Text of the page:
Pharaoh Hopnkhamun

Inspired by the recipes of Ancient Egyptian beer and wine and taking a page form Egyptian mythology, Pharaoh Hop’n’khamun is a work in progress.

The gist of it can be gleaned from this fun little video I put together:

As I say in episode 52 of my Ancient Art Podcast about Wine in Ancient Egypt, “Egyptian wine included a variety of added ingredients like coriander, sage, thyme, mint, and other herbs and spices. They weren’t all added at once, but chemical analysis of ancient residue reveals different ingredients in different quantities. So you’d have a variety of styles and flavors. Fruit like figs and whole grapes or raisins were also added to enhanced the taste and possibly even help kick-start the fermentation.”

How 'bout a pint of Pharaoh Hop'n'khamunThere’s been only limited analysis of Egyptian beer residue and one study by archaeobotanist Delwen Samuel revealed malted and unmalted barley and emmer grain. Emmer is an ancient type of wheat, so at least one study shows us that Egyptians brewed wheat beer. Thus, I decided that Pharaoh Hop’n’knamun will be a wheat beer. But what about all the great additives like we see in wine? I’d be shocked if the Egyptians didn’t include fruit, herbs, and spices in their beer. Like we see in today’s booming home & craft brew phenomenon, there were undoubtedly many home recipes and regional styles. But one ingredient we won’t find in Ancient Egyptian beer is hops! Hops wasn’t a common ingredient in beer until the Middle Ages and was predominantly a European plant. Insofar as I’m aware, it wasn’t found in Ancient Egypt.

Field of BarleyBut what’s a beer today without hops!?! In fact, one of the primary purposes of hops is preservation. The resins in hops serve as a preservative for those long ocean voyages, hence supposedly the India Pale Ale, extra-hopped for those trips from England to India. Beer and wine in antiquity often included different plant resins instead of hops much to the same effect, as a preservative and also as a sealant for the porous earthenware storage vessels.

Probably the most entertaining Egyptian myth related to beer is that of Sekhmet’s slaughter of mankind. As I say in episode 51 of my podcast about Beer in Ancient Egypt:

The notion of adding fruit to beer is explored in the ancient legend of the lion goddess Sekhmet, the ferocious enforcer of the gods, who went by the code name the “Eye of Ra.” According to the legend found in the tomb of King Tut among others, humans had plotted against the sun god Ra, because they thought he had grown weak and feeble in his age. Well, Ra wouldn’t have it. So he sent forth his assassin, the Eye of Ra, in the form of the cow goddess Hathor to destroy mankind. She went into the desert and butchered the cowering people, who rightly feared Ra’s vengeance. Ra was pleased with her work and transformed her into the bloodthirsty lioness Sekhmet (the “Powerful One”). All night Sekhmet waded in the blood of those she had slain. Ra grew concerned about Sekhmet’s blood lust and feared she would continue her rampage in the morning until all of mankind had been slain. So, he had his servants brew a massive quantity of beer mixed with the red fruit of mandrake in some versions of the tale, red ochre mineral in other versions, and pomegranate fruit in yet other versions. These 7,000 jars of blood-red beer were poured onto the ground where Sekhmet planned to begin her slaughter in the morning. As dawn broke, she came upon the lake of beer. Thinking it to be blood, she gorged herself until she was so entirely drunk that she couldn’t continue with her rampage. Then the fierce lioness Sekhmet transformed into the sweet, demure, pussy-cat goddess Bastet.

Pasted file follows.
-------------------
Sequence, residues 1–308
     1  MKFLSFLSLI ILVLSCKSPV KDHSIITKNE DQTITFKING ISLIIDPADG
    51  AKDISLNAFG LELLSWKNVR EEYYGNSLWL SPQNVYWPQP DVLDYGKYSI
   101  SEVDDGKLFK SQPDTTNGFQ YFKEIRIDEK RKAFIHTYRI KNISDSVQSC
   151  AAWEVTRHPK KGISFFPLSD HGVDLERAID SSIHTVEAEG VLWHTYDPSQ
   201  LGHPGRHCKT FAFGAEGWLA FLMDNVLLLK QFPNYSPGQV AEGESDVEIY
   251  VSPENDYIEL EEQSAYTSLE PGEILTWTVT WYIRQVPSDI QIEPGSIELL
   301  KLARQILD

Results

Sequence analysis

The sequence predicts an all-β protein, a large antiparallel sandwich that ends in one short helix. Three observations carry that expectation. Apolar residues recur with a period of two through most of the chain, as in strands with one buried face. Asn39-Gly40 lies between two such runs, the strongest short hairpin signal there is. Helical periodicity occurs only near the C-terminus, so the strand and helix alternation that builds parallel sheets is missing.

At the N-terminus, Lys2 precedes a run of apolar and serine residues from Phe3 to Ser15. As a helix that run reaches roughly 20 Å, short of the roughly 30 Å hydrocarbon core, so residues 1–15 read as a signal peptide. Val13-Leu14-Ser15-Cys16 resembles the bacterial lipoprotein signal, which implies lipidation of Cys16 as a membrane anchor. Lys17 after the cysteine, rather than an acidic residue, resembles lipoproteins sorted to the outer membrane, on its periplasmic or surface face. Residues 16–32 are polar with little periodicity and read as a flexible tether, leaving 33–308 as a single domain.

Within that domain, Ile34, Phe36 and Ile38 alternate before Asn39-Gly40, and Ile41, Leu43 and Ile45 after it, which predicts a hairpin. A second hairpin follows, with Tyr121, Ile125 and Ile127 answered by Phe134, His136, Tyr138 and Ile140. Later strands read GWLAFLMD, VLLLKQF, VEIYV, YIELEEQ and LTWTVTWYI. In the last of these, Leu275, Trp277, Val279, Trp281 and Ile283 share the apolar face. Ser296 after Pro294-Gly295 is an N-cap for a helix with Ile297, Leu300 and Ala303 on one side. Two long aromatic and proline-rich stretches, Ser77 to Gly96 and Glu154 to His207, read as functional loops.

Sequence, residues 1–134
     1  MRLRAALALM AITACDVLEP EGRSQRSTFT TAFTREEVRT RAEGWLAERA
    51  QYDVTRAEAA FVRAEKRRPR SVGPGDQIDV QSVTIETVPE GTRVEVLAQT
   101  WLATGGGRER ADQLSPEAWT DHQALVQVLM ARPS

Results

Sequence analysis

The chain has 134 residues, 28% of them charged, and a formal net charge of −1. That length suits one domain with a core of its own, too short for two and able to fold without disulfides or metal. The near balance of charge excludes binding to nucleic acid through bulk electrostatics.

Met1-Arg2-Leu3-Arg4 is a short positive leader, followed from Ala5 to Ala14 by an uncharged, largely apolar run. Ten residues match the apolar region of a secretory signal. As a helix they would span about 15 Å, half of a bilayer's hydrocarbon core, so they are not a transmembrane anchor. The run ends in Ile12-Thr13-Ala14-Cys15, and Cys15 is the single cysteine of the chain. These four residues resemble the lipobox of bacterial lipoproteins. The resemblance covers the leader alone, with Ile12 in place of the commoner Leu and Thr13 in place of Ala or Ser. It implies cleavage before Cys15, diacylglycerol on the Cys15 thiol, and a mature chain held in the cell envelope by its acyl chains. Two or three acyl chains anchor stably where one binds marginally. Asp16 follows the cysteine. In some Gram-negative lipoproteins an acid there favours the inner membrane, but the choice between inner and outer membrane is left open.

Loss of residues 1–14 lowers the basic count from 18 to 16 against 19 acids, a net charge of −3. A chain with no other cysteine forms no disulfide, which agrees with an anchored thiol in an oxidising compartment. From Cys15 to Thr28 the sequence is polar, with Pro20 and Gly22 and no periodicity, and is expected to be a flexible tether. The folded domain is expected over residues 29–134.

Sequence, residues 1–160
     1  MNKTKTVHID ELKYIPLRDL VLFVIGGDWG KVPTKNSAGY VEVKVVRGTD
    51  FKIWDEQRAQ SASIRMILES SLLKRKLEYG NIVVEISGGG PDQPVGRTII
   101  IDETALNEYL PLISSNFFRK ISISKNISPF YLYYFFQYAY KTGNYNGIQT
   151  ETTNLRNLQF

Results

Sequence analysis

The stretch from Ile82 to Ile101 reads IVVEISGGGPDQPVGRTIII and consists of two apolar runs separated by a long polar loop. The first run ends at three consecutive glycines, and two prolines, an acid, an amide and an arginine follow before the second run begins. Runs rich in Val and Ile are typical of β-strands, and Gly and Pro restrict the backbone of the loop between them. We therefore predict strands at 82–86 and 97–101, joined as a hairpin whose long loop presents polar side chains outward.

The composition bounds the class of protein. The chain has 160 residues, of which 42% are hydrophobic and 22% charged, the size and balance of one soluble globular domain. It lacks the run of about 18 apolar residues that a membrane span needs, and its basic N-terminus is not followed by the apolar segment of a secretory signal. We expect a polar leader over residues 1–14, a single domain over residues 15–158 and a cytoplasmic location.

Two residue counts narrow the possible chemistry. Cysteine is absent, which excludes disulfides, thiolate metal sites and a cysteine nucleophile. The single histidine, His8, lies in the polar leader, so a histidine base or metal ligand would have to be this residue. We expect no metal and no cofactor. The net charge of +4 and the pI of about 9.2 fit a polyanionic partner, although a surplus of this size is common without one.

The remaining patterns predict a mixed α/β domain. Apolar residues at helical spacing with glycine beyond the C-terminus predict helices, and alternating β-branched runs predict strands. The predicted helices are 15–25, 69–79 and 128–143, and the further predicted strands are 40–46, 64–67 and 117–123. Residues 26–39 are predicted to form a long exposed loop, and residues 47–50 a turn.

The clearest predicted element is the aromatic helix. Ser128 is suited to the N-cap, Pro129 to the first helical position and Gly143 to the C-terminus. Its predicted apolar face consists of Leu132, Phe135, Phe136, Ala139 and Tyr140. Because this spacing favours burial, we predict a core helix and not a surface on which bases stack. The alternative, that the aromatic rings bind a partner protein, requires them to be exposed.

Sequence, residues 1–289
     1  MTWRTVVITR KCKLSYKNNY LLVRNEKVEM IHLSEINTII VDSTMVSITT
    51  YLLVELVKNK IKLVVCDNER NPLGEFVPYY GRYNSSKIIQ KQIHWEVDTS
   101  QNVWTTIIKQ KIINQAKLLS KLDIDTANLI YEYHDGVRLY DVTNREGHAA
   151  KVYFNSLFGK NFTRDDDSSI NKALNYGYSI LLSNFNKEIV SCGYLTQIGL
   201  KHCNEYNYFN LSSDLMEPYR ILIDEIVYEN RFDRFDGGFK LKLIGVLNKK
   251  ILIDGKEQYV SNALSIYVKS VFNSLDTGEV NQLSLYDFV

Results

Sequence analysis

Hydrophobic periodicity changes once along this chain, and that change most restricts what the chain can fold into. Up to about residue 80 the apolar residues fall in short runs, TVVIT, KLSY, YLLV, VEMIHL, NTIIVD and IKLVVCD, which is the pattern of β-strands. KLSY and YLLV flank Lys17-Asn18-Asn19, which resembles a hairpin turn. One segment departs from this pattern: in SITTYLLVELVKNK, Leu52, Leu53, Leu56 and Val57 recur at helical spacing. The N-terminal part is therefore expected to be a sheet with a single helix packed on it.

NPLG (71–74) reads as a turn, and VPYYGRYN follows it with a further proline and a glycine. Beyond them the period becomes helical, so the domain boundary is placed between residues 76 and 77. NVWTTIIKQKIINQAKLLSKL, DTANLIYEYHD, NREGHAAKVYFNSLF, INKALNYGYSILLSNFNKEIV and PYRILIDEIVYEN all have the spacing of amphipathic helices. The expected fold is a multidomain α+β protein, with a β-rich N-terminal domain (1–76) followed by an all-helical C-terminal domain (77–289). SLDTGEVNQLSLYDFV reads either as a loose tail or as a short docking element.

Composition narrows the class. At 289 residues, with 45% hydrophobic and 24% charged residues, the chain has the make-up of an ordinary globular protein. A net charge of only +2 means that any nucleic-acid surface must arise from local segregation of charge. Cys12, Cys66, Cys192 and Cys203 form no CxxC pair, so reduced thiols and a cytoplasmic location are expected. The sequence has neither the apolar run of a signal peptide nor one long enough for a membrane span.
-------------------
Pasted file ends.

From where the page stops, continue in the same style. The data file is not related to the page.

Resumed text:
PomegranateSo pomegranate definitely had to be an ingredient in Pharaoh Hop’n’khamun! I also used a fair amount of Chinook hops, my favorite, to give it a nice resiny taste and aroma. To boost that herby resin quality, some crushed juniper berries go a long way too! I learned that the hard way. I added 0.5 oz crushed juniper berries to the secondary fermenter (like a dry hop), but I kinda forgot about it and let it sit for about 2 weeks. Next time I’ll let it sit only as long as the Chinook dry hop (about 3 days).

But do I really want to deal with extracting the juice from a bunch of pomegranates? No. Enter Pom juice. 100% pure pomegranate juice with no preservatives or any other kinds of additives. Perfect. How much for a 5 gallon batch? At what stage do I add it during the brewing process? Do I need to add it to the boil to sanitize it? Will that eliminate some of the flavor if the sugars ferment away in the carboy? If I add it shortly before bottling or kegging, will the sugar in the juice contribute to carbonation and yield over-carbonated beer? Poking around on homebrew forums yielded conflicting advice. I settled on adding 40 oz of Pom to about 4 gallons just before kegging. That turned out to be too much for my taste. Next time I’ll use only half that amount. Maybe 24 oz for 5 gallons.

So, based on some trial and error, next time I brew Pharaoh Hop’n’khamun, here’s the plan:

  • 0.25 lbs (4 oz) Flaked Wheat (steeped at 165-150F 20 min)
  • 6 lbs DME Plain Wheat (55% wheat 45% barley), 1 lbs at 60 min, rest at 15 min. (late malt addition)
  • 1 oz Magnum hops at 60 min
  • 1 oz Cascade & 1/4 tsp Irish moss at 10 min
  • German Weizen Yeast (e.g. Wyeast Labs #3333)
  • Dry hop 1 oz Chinook, 0.5 oz crushed juniper berries, 16 oz sliced dried dates for 3 days
  • Add 24 oz Pom juice shortly before kegging

Here’s the link to view my recipe on

And check in on Untappd:


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